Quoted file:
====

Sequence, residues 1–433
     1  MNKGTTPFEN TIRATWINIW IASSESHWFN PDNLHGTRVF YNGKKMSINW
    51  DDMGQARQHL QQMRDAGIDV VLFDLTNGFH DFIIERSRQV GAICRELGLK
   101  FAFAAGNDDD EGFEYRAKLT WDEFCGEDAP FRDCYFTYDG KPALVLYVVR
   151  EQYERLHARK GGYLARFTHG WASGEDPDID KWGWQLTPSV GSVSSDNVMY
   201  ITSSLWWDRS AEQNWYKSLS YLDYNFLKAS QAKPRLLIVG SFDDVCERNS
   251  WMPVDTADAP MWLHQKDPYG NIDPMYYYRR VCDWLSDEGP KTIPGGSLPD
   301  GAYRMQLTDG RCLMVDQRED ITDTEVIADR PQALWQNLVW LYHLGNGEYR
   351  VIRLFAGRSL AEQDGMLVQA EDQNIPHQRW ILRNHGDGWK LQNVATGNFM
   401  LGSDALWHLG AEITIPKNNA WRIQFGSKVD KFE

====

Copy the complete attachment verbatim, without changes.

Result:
Sequence, residues 1–433
     1  MNKGTTPFEN TIRATWINIW IASSESHWFN PDNLHGTRVF YNGKKMSINW
    51  DDMGQARQHL QQMRDAGIDV VLFDLTNGFH DFIIERSRQV GAICRELGLK
   101  FAFAAGNDDD EGFEYRAKLT WDEFCGEDAP FRDCYFTYDG KPALVLYVVR
   151  EQYERLHARK GGYLARFTHG WASGEDPDID KWGWQLTPSV GSVSSDNVMY
   201  ITSSLWWDRS AEQNWYKSLS YLDYNFLKAS QAKPRLLIVG SFDDVCERNS
   251  WMPVDTADAP MWLHQKDPYG NIDPMYYYRR VCDWLSDEGP KTIPGGSLPD
   301  GAYRMQLTDG RCLMVDQRED ITDTEVIADR PQALWQNLVW LYHLGNGEYR
   351  VIRLFAGRSL AEQDGMLVQA EDQNIPHQRW ILRNHGDGWK LQNVATGNFM
   401  LGSDALWHLG AEITIPKNNA WRIQFGSKVD KFE